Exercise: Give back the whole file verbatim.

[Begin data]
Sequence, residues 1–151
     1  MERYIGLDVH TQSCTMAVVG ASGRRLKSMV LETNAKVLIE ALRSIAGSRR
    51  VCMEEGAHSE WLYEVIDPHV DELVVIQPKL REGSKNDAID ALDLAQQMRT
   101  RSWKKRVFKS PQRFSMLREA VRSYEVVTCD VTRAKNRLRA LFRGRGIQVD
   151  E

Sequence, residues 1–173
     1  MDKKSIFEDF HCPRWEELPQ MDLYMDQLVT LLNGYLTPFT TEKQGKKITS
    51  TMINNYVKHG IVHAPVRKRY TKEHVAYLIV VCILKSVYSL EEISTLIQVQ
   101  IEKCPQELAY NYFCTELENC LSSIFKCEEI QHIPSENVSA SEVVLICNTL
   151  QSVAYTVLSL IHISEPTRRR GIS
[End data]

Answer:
Sequence, residues 1–151
     1  MERYIGLDVH TQSCTMAVVG ASGRRLKSMV LETNAKVLIE ALRSIAGSRR
    51  VCMEEGAHSE WLYEVIDPHV DELVVIQPKL REGSKNDAID ALDLAQQMRT
   101  RSWKKRVFKS PQRFSMLREA VRSYEVVTCD VTRAKNRLRA LFRGRGIQVD
   151  E

Sequence, residues 1–173
     1  MDKKSIFEDF HCPRWEELPQ MDLYMDQLVT LLNGYLTPFT TEKQGKKITS
    51  TMINNYVKHG IVHAPVRKRY TKEHVAYLIV VCILKSVYSL EEISTLIQVQ
   101  IEKCPQELAY NYFCTELENC LSSIFKCEEI QHIPSENVSA SEVVLICNTL
   151  QSVAYTVLSL IHISEPTRRR GIS